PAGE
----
Threat Actors Target Cloud Data Doubling Web Application Attacks

The Verizon Data Breach Investigations Report for 2020 indicates that malware attacks are dropping because threat actors target data stored in the cloud. Verizon has been producing a report for 13 years. This year’s report includes an analysis of 32,002 security cases and 3,950 validated data breaches from 81 contributors located in 81 countries around the world.

The report explains that the primary motivating factor for running attacks is financial gain. Here are some relevant statistics:

  • 86% of all security breaches were financially inspired
  • 70% were because of external actors
  • 55% were performed by cybercriminals
  • 22% were caused by human error
  • 25% were caused by phishing and other social engineering attacks
  • 37% were caused by brute-forcing of weak credentials
  • 67% were caused by credential theft

Only 20% of breaches were because of the exploitation of vulnerabilities. It is worth noting that it is a lot easier to perform attacks by means of stolen credentials instead of exploiting vulnerabilities. This is the reason for the fairly low number of vulnerability-related attacks and it’s not due to the fact that organizations are patching vulnerabilities quickly.

The simplicity of performing attacks utilizing stolen passwords or brute-forced credentials made malware attacks less widely used. That said, ransomware is showing to be an appealing choice, with increasing malware-related attacks from 24% to 27% of all breaches.

There was a considerable rise in web application attacks in the last 12 months, which increased twofold to 43% of all breaches. 80% of those breaches were associated with credential theft. With many more organizations transmitting their information from established domain controllers and internal infrastructure, it is not surprising that there was a big increase in attacks online.

The information gathered for the report does not cover the period of the COVID-19 public health emergency, when a lot of organizations sped up their cloud migration plans to enable more workers to work from home. It is very likely that the report next year will see a greater percentage of attacks on cloud data.

Tami Erwin, CEO of Verizon Business, states that with the increase of remote working during the global pandemic, end-to-end security covering the web up to employee PC becomes very important. In addition to safeguarding their systems from attack, all organizations should continue employee education as phishing schemes are increasingly sophisticated and malicious.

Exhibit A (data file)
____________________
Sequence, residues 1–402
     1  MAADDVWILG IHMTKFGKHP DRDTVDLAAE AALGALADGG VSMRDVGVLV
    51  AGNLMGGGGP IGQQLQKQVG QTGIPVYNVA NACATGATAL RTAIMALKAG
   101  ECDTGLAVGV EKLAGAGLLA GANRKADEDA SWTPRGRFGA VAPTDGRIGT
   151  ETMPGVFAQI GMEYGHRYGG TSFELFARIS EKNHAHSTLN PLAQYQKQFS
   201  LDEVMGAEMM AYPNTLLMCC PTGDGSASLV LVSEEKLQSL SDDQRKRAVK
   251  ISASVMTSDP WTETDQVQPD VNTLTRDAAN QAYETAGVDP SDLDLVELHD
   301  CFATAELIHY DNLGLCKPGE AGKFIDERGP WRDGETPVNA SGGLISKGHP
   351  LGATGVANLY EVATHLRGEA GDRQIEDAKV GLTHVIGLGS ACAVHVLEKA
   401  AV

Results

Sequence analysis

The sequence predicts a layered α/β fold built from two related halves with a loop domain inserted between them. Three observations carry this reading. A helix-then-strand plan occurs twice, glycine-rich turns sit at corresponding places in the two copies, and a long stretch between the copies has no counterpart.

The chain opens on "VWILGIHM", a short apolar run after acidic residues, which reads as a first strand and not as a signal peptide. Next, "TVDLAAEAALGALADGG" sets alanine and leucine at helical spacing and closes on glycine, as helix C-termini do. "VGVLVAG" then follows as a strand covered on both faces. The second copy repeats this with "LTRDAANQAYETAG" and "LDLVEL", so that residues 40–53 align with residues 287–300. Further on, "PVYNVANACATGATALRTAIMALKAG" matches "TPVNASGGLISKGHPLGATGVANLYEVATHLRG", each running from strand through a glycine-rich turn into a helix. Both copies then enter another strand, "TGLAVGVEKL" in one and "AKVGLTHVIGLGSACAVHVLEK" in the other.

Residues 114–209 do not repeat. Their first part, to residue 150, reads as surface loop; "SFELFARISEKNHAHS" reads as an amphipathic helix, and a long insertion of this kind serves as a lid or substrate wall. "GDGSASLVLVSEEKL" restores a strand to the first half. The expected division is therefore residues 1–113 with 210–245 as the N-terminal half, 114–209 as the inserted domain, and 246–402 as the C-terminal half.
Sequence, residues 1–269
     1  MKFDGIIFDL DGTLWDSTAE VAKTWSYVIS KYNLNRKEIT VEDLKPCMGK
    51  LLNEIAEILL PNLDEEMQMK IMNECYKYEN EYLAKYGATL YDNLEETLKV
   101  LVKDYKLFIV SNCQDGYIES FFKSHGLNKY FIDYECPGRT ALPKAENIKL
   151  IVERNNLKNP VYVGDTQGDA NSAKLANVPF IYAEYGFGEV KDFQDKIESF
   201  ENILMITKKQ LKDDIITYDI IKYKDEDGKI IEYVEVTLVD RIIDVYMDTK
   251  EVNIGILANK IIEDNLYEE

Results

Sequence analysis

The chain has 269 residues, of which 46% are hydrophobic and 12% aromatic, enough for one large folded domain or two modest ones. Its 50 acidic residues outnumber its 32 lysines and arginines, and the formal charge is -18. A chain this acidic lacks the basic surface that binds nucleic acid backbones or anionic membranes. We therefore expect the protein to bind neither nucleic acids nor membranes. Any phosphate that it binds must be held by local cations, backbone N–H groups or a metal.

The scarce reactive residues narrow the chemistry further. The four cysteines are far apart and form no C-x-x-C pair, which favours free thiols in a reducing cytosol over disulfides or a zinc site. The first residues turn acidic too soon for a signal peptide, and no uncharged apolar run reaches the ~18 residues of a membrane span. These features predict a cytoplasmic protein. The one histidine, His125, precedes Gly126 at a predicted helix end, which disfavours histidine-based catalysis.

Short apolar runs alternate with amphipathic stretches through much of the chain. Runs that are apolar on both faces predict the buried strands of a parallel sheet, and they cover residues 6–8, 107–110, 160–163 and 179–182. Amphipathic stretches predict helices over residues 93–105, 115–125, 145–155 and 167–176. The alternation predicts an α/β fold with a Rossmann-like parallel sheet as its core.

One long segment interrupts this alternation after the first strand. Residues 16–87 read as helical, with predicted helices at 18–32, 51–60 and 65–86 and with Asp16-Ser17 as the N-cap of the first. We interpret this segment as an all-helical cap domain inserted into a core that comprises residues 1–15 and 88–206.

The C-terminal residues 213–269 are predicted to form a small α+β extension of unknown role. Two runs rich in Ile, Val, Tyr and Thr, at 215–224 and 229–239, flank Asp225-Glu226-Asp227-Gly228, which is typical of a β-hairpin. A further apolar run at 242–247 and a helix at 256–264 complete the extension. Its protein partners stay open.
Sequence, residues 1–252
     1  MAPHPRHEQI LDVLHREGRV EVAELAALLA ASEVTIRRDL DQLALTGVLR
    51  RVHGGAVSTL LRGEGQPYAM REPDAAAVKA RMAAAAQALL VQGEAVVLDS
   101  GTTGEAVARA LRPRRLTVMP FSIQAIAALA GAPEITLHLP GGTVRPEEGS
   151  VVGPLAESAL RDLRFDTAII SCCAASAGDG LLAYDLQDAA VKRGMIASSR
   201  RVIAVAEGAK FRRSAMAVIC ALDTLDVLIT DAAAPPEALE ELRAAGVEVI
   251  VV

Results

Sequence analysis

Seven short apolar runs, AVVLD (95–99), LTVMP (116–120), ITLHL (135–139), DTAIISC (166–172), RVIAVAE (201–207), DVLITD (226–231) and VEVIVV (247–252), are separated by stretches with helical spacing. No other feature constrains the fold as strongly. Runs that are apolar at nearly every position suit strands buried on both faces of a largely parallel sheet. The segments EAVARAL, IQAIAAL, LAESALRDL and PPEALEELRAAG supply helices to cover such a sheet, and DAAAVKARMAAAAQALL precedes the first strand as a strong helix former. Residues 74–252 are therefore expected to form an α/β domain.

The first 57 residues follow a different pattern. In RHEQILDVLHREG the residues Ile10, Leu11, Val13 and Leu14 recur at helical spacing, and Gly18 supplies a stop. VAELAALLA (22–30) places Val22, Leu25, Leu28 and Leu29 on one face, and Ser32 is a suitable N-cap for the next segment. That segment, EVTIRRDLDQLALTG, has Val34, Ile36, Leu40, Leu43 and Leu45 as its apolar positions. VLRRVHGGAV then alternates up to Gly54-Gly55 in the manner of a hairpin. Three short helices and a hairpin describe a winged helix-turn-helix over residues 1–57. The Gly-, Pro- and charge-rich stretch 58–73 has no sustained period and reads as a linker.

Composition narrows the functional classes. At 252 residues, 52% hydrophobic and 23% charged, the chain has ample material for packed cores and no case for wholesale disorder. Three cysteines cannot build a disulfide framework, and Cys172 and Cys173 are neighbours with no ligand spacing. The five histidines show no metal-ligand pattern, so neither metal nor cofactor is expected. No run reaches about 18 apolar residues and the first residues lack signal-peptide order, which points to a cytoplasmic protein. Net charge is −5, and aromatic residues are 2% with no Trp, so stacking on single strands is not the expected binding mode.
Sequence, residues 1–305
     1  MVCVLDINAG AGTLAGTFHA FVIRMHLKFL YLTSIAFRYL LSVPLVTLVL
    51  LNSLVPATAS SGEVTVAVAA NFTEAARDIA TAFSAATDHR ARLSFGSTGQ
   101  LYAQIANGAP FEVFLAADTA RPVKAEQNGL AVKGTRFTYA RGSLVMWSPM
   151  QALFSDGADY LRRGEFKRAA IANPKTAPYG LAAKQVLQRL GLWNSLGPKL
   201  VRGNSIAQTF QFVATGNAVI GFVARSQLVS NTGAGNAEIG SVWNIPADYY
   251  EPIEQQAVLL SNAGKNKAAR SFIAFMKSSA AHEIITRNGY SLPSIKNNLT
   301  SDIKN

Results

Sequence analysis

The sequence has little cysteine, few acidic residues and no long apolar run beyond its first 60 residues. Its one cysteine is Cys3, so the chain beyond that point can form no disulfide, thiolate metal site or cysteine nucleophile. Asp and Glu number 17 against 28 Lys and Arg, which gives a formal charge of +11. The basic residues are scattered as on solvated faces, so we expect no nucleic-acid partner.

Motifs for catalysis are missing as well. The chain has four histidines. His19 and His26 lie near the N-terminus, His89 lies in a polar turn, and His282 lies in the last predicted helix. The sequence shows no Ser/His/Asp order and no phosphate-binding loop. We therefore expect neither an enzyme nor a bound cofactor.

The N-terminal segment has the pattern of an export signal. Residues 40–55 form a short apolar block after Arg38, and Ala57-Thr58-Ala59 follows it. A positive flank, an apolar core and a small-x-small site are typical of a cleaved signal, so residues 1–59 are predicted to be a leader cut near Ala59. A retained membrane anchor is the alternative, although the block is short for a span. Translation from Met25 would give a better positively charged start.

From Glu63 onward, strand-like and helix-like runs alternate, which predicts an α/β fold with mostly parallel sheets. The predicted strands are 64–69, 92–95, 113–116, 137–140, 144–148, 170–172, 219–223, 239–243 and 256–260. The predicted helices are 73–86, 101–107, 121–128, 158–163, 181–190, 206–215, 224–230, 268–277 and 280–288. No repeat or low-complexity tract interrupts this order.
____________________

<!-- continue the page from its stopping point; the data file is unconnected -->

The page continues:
Cyberattacks and Insider Breaches in the Field of Healthcare

Financially inspired cyber attacks accounted for 88% of all healthcare breaches, the majority of which involved ransomware. 4% of healthcare cyberattacks were performed for pleasure and 3% were done due to convenience.

Verizon reports a substantial number of healthcare data breaches in the last 12 months. The report last year listed 304 healthcare data breaches, however, this year’s report covered 521 breaches. The most common type of attack on healthcare providers is crimeware, which includes ransomware and malware. Just as in other industry sectors, the attacks on cloud applications are growing.

The healthcare industry generally has a higher than the average number of cases of privilege misuse. Such involves insiders that have access to sensitive and abuse their access rights to commit theft or misuse of data. With so many employees with authorized access to patient records and its big value on the black market, this is expected.

This year’s report has some wonderful news though. It’s the first time that privilege misuse is not among the top three causes of healthcare data breaches. This is part of a pattern that can be seen across all fields of industry, which indicates that employees are more mindful about accessing data without permission and healthcare organizations are better able to protect data.

Another good news is a lower number of breaches involving multiple actors, which typically refer to a third-party, for instance, an identity thief partnering with an insider who gives the data. In the 2019 report, multiple actors were involved in 4% of breaches whereas in 2020 the percentage slipped to 1%. The percentage of breaches due to internal actors vs external actors likewise changed considerably. In the 2019 report, internal actors caused 59% of healthcare breaches and external attackers caused 42% of breaches. This year’s report finds that internal actors are to blame for 48% of breaches with external actors account for 51% of breaches.

This year, the top reason behind healthcare breaches were miscellaneous errors and web application breaches. Miscellaneous breaches were brought about by misdirection, or the sending of emails not to the correct recipients and mass mailings that deliver the letters to the wrong patients, like when a mail merge error happens.